PLEASE NOTE: Even though this blog is now dormant there are many useful, insightful posts. Scroll back from the end or forward from the beginning. Also, check out my writer's blog. Periodically I will add posts here if they provide additional information about living well with Dementia / Alzheimer's Disease.

Sunday, September 20, 2015

Thinking About Gregory

Let me move to some changes I have been able to make in my thinking based on my new awareness of who I am.

Lately I have been thinking a lot about Gregory and his situation. While Lieberman does a pretty wonderful job of taking care of the residents on Gregory's unit, there is so much more they could be doing. 

Much of the "strum und drang" of the unit could be alleviated by what to me, seem simple, easy to accomplish measures. In short, my erroneous belief that I could run the place better than the mass of trained professionals that currently do run it, it getting in my way!

"Storm and Stress" is the English translation of Strum und Drang,  a German literary movement that emphasized the volatile emotional life of the individual. And at times life on the Special Memory Care Unit at Lieberman does reflect the volatile emotional life of all of the individuals involved: residents, staff, administration, and family.

So I have been lying awake at night, going over what I think and what I would say to make change at Lieberman. No need to say I have been losing precious hours of sleep and working myself into a tizzy.

Then I think of Gregory in particular. He is content, happy, well taken care of. Besides the excellent parts of life and staff at Lieberman, he has Manny and Halina to care for him from 11:30-5:30. 

He has me to visit almost every day with love overflowing as well as flowers, chocolate, and other treats. 

He has his Midwest Palliative Hospice Care nurse, social worker, Rabbi, music therapist, massage therapist to keep an extra eye on him.

I think that in some ways, my thoughts about making Gregory's life at Lieberman (as well as helping the other residents on the unit) are more about trying to bring back the pre-Dementia/ Alzheimer's Gregory and making all the changes and difficulties of being on that path go away. But that is fantasy, isn't it?

So here comes my growth through Buddhism: Perhaps I should back off from feeling that I can make major changes in the life at Lieberman's Memory Care Unit.

If I feel sad about his situation, it is sad. If I am worried, it is worrisome. If I allow the "down side" to make me unhappy, I am unhappy. If I focus on what is bad, that is all I see and I loose the joy of what is good. If I see it as suffering, I suffer.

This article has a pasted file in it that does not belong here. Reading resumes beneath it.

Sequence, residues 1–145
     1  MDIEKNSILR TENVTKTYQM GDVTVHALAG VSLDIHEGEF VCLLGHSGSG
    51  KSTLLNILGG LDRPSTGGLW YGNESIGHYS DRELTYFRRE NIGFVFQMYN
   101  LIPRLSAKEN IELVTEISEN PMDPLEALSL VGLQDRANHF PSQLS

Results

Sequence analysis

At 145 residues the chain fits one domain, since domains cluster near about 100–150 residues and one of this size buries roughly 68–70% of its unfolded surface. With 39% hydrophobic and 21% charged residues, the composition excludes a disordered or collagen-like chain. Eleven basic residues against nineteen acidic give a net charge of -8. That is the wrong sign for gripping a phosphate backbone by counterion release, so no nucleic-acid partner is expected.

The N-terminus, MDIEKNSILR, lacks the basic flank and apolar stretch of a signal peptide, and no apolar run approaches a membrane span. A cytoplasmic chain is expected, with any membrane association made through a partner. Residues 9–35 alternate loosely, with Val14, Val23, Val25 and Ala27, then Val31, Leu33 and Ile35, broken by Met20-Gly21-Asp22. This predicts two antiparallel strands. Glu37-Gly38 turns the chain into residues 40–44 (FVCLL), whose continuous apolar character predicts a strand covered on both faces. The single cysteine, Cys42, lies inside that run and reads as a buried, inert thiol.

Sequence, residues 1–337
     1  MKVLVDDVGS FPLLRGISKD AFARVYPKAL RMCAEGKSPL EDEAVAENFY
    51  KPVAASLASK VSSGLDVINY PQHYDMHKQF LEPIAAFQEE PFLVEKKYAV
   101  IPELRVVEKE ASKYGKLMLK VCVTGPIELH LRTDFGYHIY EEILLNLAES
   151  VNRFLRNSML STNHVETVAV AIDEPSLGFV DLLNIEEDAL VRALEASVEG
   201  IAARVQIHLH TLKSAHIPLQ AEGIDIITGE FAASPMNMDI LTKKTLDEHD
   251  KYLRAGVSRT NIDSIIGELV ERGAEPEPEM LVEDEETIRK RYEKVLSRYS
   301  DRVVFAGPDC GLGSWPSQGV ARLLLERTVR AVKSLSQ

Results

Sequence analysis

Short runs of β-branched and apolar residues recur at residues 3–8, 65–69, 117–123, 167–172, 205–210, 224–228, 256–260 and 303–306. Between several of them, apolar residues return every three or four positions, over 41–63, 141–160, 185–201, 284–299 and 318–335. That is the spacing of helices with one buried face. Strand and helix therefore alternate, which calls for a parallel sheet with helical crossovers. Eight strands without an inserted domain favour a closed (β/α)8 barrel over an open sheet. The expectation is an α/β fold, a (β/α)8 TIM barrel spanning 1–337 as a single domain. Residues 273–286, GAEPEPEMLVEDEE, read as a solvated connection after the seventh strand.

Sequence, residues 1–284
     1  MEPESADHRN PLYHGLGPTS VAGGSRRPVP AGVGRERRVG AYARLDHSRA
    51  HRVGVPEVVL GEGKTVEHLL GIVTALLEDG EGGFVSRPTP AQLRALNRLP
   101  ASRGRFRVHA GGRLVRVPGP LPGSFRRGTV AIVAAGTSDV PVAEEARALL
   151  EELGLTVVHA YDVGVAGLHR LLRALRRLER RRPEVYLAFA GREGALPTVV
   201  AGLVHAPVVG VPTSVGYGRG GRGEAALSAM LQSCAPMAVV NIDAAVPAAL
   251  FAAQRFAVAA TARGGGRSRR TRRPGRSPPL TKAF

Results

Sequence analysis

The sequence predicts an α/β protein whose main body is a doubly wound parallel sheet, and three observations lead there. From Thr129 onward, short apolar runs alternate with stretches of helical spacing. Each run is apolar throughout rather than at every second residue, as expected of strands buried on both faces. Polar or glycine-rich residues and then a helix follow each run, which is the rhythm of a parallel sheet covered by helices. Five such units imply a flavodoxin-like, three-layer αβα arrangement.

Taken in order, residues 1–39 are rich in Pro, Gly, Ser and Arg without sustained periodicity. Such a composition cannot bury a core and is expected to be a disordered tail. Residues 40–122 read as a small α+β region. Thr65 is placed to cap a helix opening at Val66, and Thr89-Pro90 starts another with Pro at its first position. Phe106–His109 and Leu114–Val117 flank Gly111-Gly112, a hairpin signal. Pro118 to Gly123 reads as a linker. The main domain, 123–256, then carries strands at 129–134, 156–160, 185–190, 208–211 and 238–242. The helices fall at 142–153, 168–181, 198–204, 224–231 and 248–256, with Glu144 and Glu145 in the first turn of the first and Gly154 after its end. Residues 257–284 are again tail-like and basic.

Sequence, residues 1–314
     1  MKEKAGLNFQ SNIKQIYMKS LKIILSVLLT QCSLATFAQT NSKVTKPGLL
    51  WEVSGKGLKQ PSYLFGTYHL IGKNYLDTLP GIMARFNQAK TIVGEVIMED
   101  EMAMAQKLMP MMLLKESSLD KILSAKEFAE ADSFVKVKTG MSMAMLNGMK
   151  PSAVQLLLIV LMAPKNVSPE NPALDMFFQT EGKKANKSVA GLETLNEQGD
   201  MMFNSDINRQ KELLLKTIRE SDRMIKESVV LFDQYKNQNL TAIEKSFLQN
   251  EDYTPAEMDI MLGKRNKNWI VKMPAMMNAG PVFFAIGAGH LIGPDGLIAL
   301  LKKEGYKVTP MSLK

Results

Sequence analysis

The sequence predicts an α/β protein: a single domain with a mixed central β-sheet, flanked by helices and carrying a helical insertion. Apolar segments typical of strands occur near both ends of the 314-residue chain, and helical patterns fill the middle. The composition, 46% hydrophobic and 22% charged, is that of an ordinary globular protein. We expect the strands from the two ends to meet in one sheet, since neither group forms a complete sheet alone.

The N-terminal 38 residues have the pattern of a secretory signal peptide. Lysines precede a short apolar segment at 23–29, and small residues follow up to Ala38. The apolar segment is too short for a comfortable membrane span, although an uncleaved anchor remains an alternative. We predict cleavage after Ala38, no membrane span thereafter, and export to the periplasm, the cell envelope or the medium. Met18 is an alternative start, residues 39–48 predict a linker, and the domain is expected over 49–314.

But If I am grateful and happy, that is how I feel. If I look closely and realize that for the most part Gregory is doing well in his environment, then I feel good also.

It turns out that my unhappiness is of no use to Gregory. My unhappiness does not make Gregory any happier. In some ways he probably can detect that I am unhappy and that has a negative effect on him. If I am happy he can feel that. 

A lesson here is that Gregory just is ... and in some ways that is more in touch with reality than I am.

Notice your innermost feelings when you think of a very sad situation and then switch to a very happy situation and put a smile on your face. It feels different doesn't it? It is very hard to feel unhappy if you put a smile on your face and feel happy. At least I find it works for me.

I guess you could put a smile on your face and at the same time tell yourself you are feeling sad and unhappy but why cancel out the good effect of a smile when you don't have to!

I guess this is when people talk about choosing to be happy or sad under any conditions, no matter how difficult. I think that if you look hard enough you can find a little ray of sunshine even behind the darkest clouds. Trite saying but true!

So back to 


  1. I believe choosing to be happy and choosing to be a changemaker need not be mutually exclusive :)

    The Dalai Lama is happy. He also works to make positive change. #justsaying

    1. Agreed. But I found myself obsessing instead of being a creative, positive agent for change.


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